Background: This paper presents the latest international descriptive epidemiological data for invasive breast cancer amongst women, including incidence, survival and mortality, as well as information on mammographic screening programmes.
Results: Almost 1.4 million women were diagnosed with breast cancer worldwide in 2008 and approximately 459,000 deaths were recorded. Incidence rates were much higher in more developed countries compared to less developed countries (71.7/100,000 and 29.3/100,000 respectively, adjusted to the World 2000 Standard Population) whereas the corresponding mortality rates were 17.1/100,000 and 11.8/100,000. Five-year relative survival estimates range from 12% in parts of Africa to almost 90% in the United States, Australia and Canada, with the differential linked to a combination of early detection, access to treatment services and cultural barriers. Observed improvements in breast cancer survival in more developed parts of the world over recent decades have been attributed to the introduction of population-based screening using mammography and the systemic use of adjuvant therapies.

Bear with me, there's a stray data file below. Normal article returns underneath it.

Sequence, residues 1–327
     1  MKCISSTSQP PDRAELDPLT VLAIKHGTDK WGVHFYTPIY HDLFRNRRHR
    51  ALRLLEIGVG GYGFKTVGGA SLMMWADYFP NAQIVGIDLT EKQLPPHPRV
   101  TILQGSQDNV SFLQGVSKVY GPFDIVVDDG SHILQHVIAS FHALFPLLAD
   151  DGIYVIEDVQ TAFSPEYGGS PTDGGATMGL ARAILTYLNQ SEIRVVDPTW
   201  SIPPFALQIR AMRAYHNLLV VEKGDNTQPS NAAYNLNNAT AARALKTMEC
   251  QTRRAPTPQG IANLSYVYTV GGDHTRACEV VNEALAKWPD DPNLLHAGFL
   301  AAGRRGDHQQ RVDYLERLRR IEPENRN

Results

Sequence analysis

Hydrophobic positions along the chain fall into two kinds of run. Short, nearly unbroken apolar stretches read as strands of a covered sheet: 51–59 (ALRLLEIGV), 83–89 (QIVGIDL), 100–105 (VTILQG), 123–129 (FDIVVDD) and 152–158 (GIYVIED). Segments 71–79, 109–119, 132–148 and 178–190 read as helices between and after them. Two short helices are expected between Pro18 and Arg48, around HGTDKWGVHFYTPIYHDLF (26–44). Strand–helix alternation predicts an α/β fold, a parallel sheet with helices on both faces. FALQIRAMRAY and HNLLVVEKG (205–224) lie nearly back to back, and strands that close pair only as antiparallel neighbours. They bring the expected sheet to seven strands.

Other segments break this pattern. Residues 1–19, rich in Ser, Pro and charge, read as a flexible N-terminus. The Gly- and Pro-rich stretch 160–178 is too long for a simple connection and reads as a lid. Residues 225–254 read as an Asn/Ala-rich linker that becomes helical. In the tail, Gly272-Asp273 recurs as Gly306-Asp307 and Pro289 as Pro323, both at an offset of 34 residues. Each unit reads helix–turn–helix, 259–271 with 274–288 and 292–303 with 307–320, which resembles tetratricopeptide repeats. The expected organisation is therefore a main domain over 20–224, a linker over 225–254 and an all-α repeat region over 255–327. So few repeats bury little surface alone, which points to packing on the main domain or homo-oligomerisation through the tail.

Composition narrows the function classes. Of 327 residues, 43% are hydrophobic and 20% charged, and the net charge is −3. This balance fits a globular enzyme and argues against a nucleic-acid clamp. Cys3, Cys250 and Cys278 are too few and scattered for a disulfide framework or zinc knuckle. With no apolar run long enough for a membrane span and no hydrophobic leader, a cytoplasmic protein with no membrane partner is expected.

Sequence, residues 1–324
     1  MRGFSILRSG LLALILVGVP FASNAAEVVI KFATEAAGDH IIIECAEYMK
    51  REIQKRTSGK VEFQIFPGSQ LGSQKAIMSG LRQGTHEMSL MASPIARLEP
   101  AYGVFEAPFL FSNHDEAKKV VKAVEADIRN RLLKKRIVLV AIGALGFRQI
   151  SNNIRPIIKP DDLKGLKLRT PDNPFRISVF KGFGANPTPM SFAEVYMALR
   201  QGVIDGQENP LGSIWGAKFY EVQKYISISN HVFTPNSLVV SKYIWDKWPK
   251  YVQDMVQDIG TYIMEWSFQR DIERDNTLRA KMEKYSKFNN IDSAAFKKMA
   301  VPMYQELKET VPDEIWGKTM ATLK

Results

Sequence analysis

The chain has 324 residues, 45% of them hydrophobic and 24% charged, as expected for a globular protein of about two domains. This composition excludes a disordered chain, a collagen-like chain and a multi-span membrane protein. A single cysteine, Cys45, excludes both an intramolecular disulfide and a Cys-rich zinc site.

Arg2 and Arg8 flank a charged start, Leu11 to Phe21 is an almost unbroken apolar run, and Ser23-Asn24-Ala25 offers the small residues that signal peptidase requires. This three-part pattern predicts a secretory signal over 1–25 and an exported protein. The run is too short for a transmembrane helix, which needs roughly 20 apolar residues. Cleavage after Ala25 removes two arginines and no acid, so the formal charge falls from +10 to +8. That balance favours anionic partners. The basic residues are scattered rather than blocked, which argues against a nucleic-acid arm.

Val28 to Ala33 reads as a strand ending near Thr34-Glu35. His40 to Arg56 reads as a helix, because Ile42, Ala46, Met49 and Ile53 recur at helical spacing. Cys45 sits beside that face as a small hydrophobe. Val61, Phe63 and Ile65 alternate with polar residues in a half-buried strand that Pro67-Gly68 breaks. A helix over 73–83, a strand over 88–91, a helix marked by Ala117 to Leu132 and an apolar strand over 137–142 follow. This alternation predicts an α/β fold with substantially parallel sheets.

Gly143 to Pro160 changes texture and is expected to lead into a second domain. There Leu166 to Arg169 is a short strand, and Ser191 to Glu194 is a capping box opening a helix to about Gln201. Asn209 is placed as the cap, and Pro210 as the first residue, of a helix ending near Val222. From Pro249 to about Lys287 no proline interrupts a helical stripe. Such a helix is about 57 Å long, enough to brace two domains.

Conclusion: The future worldwide breast cancer burden will be strongly influenced by large predicted rises in incidence throughout parts of Asia due to an increasingly "westernised" lifestyle. Efforts are underway to reduce the global disparities in survival for women with breast cancer using cost-effective interventions.
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